Monthly Archives: December 2022

Radio Waves: Margaret Iaquinto’s Conversations with Cosmonauts, Why AM Stations Power Down at Night, PEI Ham Radio Surge, and Calls on Flights Allowed

Radio Waves:  Stories Making Waves in the World of Radio

Welcome to the SWLing Post’s Radio Waves, a collection of links to interesting stories making waves in the world of radio. Enjoy!

The unlikely story of an American ham radio amateur and her conversations with cosmonauts in space (PRI’s The World)

In the 1980s, Margaret Iaquinto was an amateur ham radio operator who communicated with Russian cosmonauts in space. She talked to them for over a year. Iaquinto died in 2014. But her son Ben Iaquinto remembers the friendships she developed with the cosmonauts. Marco Werman speaks to Ben Iaquinto about his mom’s hobby and the conversations she had with these Russian cosmonauts.

Radio Stations Shut Or Power Down At Night, Because Of The Laws Of Physics (IFL Science)

If you’re a radio fan, or have merely been stuck in a car as day transitions into night, you may have noticed that you don’t get quite as clear signal in the hours of darkness.

Before you assume that it’s a plot by reverse vampires (possibly in conjunction with the saucer people) in order to make radio listeners go to bed, you should know that it’s actually the result of a requirement by the Federal Communications Commission (FCC) to power down or turn off at night, and the FCC in turn are required to do this by the laws of physics.

It all has to do with wavelengths and the ionosphere. During the daytime, AM signals primarily propagate close to the ground (known as ground wave propagation) and follow the curves of the Earth. In the daylight hours, AM signals sent by radio stations can cover around 162 kilometers (100 miles) before you will struggle to hear the signal.

As good as this is, at night the ability of long waves to propagate large distances becomes a problem, thanks to the ionosphere. Between 80 and 600 kilometers (50-373 miles) above the Earth, particles in the Earth’s atmosphere are bombarded with Extreme Ultraviolet (EUV) and x-ray solar radiation, ionizing them as they do so. The ionosphere grows and shrinks (on your side of the planet) depending on the time of day.

At night, the layer reflects AM radio signals (known as “skywave” propagation) to a much greater degree than during the day, allowing the signal to be carried for hundreds of miles further than during the day. While this may sound like good news, it is what’s known as a “pain in the butt” for any communication regulators out there, or people who want to listen to anything other than an indiscernible mess of static.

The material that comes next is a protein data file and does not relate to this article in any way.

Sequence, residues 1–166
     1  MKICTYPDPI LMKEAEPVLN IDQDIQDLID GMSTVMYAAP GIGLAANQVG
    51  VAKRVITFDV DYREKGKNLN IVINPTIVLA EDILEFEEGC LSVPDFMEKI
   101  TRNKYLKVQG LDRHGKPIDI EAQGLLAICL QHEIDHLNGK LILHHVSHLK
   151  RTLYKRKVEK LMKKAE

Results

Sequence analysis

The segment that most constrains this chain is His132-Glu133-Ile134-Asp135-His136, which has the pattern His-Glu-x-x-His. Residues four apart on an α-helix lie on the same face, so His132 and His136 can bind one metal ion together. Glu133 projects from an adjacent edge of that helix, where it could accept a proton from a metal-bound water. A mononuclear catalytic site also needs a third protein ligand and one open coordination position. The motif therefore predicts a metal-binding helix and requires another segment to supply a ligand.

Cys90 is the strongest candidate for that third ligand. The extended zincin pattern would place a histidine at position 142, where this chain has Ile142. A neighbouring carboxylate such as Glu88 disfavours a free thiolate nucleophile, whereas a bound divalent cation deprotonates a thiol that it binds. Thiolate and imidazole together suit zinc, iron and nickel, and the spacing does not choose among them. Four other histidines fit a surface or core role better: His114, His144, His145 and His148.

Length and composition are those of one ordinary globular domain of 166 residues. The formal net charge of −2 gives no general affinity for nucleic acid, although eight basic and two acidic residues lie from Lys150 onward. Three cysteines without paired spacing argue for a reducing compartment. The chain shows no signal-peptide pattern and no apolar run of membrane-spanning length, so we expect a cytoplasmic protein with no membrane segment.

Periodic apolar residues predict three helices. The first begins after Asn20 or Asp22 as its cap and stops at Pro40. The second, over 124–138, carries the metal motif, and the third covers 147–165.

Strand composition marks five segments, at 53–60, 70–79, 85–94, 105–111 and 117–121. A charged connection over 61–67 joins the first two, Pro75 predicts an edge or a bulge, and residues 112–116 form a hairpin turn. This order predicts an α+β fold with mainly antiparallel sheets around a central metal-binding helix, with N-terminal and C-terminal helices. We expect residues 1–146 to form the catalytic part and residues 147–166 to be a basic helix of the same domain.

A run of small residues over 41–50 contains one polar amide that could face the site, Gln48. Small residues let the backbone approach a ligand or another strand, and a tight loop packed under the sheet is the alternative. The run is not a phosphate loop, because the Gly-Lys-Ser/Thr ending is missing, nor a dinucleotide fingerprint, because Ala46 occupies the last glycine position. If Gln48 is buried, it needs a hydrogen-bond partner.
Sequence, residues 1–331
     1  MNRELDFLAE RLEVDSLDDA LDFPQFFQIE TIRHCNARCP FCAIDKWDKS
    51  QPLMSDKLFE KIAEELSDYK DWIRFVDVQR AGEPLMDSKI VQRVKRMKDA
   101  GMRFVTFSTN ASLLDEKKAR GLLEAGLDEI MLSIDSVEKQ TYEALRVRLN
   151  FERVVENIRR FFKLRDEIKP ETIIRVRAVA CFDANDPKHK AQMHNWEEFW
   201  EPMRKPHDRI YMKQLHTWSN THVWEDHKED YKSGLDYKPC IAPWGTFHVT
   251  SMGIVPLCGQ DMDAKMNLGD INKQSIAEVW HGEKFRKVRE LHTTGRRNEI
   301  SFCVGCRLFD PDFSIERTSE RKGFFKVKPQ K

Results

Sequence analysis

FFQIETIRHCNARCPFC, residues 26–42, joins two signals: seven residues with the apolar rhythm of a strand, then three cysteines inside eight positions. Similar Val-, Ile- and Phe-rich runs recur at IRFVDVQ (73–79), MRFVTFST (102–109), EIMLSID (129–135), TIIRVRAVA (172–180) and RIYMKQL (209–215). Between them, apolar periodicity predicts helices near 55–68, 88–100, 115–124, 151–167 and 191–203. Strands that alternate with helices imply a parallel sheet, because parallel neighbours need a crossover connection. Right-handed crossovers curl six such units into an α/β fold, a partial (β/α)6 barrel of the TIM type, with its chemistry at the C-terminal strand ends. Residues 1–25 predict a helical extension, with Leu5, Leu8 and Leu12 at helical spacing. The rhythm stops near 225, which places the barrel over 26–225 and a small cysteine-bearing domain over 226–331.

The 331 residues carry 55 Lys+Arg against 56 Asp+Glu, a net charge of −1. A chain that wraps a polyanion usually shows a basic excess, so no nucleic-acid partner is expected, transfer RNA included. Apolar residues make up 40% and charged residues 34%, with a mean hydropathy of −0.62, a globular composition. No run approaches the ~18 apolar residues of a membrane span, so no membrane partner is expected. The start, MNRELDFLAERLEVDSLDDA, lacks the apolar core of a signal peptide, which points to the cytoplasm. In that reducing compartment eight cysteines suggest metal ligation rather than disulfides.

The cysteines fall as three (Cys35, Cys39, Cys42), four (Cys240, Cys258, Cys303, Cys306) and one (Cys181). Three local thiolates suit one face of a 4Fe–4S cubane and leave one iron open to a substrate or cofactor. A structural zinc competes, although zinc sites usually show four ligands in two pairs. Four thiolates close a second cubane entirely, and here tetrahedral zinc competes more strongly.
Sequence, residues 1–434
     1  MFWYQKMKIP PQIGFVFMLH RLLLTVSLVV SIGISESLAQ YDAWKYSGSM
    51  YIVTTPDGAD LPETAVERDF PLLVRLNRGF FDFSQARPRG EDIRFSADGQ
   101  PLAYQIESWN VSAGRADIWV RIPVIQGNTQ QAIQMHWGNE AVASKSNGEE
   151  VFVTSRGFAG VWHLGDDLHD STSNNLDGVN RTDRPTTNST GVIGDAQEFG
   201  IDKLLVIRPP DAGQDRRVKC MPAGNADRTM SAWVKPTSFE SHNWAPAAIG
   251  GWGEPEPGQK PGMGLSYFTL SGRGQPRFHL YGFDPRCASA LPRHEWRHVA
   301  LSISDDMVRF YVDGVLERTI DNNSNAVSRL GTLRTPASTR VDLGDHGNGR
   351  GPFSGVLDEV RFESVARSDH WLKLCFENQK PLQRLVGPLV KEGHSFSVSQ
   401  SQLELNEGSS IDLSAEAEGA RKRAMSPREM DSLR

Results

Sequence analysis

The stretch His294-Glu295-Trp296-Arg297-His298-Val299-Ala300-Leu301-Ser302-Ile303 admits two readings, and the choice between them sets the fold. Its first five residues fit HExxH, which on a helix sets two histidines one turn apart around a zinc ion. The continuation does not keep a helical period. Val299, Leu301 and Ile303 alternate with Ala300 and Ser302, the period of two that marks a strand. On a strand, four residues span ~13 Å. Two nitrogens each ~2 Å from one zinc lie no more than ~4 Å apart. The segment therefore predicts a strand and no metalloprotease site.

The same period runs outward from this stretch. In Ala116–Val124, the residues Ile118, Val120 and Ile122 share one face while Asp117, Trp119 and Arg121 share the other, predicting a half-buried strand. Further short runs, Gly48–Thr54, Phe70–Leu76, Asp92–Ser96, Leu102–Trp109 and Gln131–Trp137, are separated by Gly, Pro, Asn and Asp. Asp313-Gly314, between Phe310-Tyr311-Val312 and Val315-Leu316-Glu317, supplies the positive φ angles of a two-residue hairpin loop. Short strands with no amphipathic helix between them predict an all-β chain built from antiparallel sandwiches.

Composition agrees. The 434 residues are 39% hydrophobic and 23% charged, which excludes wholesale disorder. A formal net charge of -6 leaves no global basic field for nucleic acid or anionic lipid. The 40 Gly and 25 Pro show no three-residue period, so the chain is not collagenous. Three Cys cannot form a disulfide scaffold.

“Because of this change in signal propagation from daytime to nighttime, if every AM station kept its daytime operating power at night, massive interference would result,” the FCC explains on their website. [Continue reading…]

Islanders’ interest in amateur radio surges because of COVID-19 and Fiona (CBC)

‘The sky’s the limit. There’s just so many different things that you can learn’

The amateur radio community on P.E.I. is growing, thanks in part to the COVID-19 pandemic and post-tropical storm Fiona.

Stratford resident Brent Taylor has been a ham radio operator for 38 years, in New Brunswick and P.E.I. He goes by the call sign VY2HF.

“It’s been absolutely fantastic. We have been so thrilled with the number of people that have come forward, and now that we’re getting them on the air,” Taylor said.

“Probably because of COVID, and maybe because of Fiona, there’s been a more of an interest, I think, in people wanting to be able to maintain their connections with each other, even from their own homes.”

Taylor said a dozen people started the 12-week training program in the fall, and eight passed their exams and are now licensed operators.

“The most diverse I’ve ever seen. And I’ve been teaching off and on this course for 35-plus years. To see the number of women in the course, for one thing, is just tremendous,” Taylor said.

“Also, cultural diversity and a wide range of ages from as young as 12 years old.” [Continue reading…]

No more airplane mode? EU to allow calls on flights (BBC)